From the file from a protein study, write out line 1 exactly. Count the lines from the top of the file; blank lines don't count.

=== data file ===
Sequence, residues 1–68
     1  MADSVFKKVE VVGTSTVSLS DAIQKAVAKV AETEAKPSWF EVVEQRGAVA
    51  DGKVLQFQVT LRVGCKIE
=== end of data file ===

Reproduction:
Sequence, residues 1–68